6/11. Bronchospasm induced by propofol in a patient with sick house syndrome.

    IMPLICATIONS: propofol is often used in patients with asthma, but it can induce bronchospasm. We report a patient with sick house syndrome (nonspecific complaints of mucosal irritation, headache, nausea, and chest symptoms) who suffered bronchospasm. This case suggests that propofol is not always a safe anesthetic for patients with asthma, especially drug-induced asthma. ( info)

7/11. A case of sick building syndrome in a Japanese office worker.

    The adverse health effects caused by indoor air pollution are termed "sick building syndrome". We report such a patient whose symptoms appeared in the workplace. A 36-year-old female office worker developed nausea and headache during working hours in a refurbished office. After eight months of seeking help at other clinics or hospitals without improvement, she was referred to our hospital. At that time she reacted to the smells of various chemicals outside of the office building. Biochemical findings were all within normal ranges. Specific IgE antibody to cedar pollen was positive and the ratio of TH1/TH2 was 4.5. In the eye Tracking Test (ETT), vertical eye movement was saccadic. Her anxiety level was very high according to the State-Trait anxiety Inventory (STAI) questionnaire. Subjective symptoms, ETT findings and anxiety levels on STAI gradually improved during two years of follow-up. One year after the onset of her illness, the formaldehyde concentrations in the building air ranged from 0.017-0.053 ppm. Even though relatively low, chemical exposure from building materials such as formaldehyde induced a range of symptoms. Also, lack of recognition by superiors and doctors that sick building syndrome might have been the source of her illness coupled with her high state of anxiety may have exacerbated her symptoms and led to the onset of multiple chemical sensitivity. Thus psychosocial factors may contribute to sick building syndrome in the workplace. ( info)

8/11. The sensitive individual and the indoor environment: case study.

    This case study describes an indoor environment investigation initiated in response to numerous health and comfort complaints suspected of being associated with a two-story office building. Conventional indoor environment investigation techniques were applied in an attempt to identify one or several contributing factors, such as inadequate outdoor air ventilation and the presence of a respiratory irritant. The air quality satisfaction percentage in the building was well above 80%; however, at least one individual was experiencing a fairly severe reaction only upon entering the subject building. Evaluating the building indoor conditions as acceptable without attempting to address all possible building-related causes and communicating findings to interested occupants would likely have resulted in more occupant complaints and increased the potential for hysteria conditions. This investigation necessarily addressed a sensitive individual and involved an occupational physician as a constructive participant in the investigation. ( info)

9/11. Allergic alveolitis in a school environment.

    BACKGROUND: A considerable fraction of newly constructed buildings have indoor air problems associated with health effects, usually of the nonspecific sick building syndrome variety. Specific health effects such as asthma, rhinitis, and allergic alveolitis can also occur. CASE: On 1 September 1988 a school teacher showed symptoms of an acute respiratory illness, which was first interpreted as pulmonary embolism and then later as atypical sarcoidosis. The illness slowly progressed over six years, at which time the diagnosis was revised to chronic allergic alveolitis, related to her school environment. The school had had indoor-air quality problems off and on for several years. CONCLUSIONS: The case illustrates the difficulties of diagnosing cases of chronic allergic alveolitis, especially when it appears in environments where it is not generally encountered. It also raises questions regarding a possible relation between environments associated with the sick building syndrome and the occurrence of building-associated illnesses. ( info)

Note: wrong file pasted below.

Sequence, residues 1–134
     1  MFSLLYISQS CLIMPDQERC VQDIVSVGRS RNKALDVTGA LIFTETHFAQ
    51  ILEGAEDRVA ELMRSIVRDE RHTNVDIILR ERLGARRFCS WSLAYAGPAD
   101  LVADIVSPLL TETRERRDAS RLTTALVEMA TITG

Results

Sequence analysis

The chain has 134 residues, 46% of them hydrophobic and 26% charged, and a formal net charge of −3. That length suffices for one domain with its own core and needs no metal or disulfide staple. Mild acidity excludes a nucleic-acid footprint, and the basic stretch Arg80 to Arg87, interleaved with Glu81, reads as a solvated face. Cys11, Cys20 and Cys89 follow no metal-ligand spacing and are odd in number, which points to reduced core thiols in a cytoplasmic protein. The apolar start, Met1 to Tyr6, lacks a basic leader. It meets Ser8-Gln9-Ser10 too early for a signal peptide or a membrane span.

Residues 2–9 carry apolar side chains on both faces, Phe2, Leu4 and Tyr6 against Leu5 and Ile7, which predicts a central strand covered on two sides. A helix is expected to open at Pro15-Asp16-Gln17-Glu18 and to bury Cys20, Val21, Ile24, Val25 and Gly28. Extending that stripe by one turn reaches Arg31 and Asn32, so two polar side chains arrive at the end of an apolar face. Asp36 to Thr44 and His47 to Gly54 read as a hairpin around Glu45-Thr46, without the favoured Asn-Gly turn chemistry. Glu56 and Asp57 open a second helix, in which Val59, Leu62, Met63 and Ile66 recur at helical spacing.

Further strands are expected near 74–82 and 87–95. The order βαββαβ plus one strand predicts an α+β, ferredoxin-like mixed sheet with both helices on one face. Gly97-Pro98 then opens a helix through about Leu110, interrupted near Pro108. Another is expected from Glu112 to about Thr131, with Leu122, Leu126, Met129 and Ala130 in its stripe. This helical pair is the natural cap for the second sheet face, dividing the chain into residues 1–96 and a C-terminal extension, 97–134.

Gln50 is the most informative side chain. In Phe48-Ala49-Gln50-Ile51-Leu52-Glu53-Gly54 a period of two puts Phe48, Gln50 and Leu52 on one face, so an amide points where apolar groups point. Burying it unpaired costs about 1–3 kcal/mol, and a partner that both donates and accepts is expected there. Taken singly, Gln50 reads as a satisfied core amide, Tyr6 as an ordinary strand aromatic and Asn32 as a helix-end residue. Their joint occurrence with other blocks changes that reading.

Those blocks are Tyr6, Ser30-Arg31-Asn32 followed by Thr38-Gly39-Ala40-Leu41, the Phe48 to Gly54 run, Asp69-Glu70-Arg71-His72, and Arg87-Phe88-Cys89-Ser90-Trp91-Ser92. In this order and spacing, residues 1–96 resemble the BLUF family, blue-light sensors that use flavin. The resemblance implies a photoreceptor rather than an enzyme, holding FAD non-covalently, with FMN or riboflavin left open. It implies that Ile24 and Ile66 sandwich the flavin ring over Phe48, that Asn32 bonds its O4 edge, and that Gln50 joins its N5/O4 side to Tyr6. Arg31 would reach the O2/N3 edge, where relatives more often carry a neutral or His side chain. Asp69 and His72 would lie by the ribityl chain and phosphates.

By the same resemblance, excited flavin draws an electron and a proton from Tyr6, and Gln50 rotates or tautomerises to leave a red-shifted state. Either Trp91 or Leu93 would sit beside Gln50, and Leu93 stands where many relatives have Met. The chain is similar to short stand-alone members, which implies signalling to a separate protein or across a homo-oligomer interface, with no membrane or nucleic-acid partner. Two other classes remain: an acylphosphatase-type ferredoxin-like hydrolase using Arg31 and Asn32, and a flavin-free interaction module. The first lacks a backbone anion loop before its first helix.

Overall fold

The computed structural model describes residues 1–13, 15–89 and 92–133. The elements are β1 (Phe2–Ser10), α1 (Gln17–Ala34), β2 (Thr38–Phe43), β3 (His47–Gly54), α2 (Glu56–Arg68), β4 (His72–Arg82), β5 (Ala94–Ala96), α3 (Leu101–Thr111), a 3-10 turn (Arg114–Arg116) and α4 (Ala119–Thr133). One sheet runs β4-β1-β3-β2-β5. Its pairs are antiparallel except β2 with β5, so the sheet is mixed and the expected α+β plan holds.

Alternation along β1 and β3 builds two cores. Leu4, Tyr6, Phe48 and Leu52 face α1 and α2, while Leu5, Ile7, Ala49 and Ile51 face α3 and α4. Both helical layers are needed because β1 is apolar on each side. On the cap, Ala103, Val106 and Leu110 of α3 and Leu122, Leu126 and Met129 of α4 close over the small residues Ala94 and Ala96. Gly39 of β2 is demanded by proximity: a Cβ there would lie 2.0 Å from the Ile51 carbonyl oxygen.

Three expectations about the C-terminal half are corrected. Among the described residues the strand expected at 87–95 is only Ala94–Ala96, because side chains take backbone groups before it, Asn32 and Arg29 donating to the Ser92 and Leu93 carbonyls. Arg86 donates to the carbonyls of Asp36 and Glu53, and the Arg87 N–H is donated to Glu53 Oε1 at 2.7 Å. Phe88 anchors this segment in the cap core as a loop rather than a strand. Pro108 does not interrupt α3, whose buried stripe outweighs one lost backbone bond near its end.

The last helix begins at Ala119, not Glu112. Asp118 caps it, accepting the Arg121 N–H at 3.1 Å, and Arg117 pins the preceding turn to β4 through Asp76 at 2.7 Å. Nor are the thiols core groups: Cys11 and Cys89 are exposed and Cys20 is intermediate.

10/11. The sick building syndrome: a diagnostic dilemma.

    sick building syndrome (SBS) is usually defined as an increased occurrence of non-specific symptoms among populations in determined buildings. This definition differs from those of other medical syndromes in that it refers to a system (a building inclusive of its population) rather than to a clinical state in a single individual. Such a definition should make the term SBS impossible to use as a diagnosis applied to individual persons. In spite of this, it is often used in this way, and the aim of the article is to discuss problems with this practice. It is a case study based on an office building with long-standing building-related health problems. Information concerning the building and its inhabitants comes from a large number of separate documentary sources. The study demonstrates that the diagnostic use of SBS suffers from serious weaknesses. It is proposed that such diagnostics could even have a normative force serving to maintain and reinforce building-related, non-specific health problems. It is therefore suggested that the term sick building syndrome should be abandoned. ( info)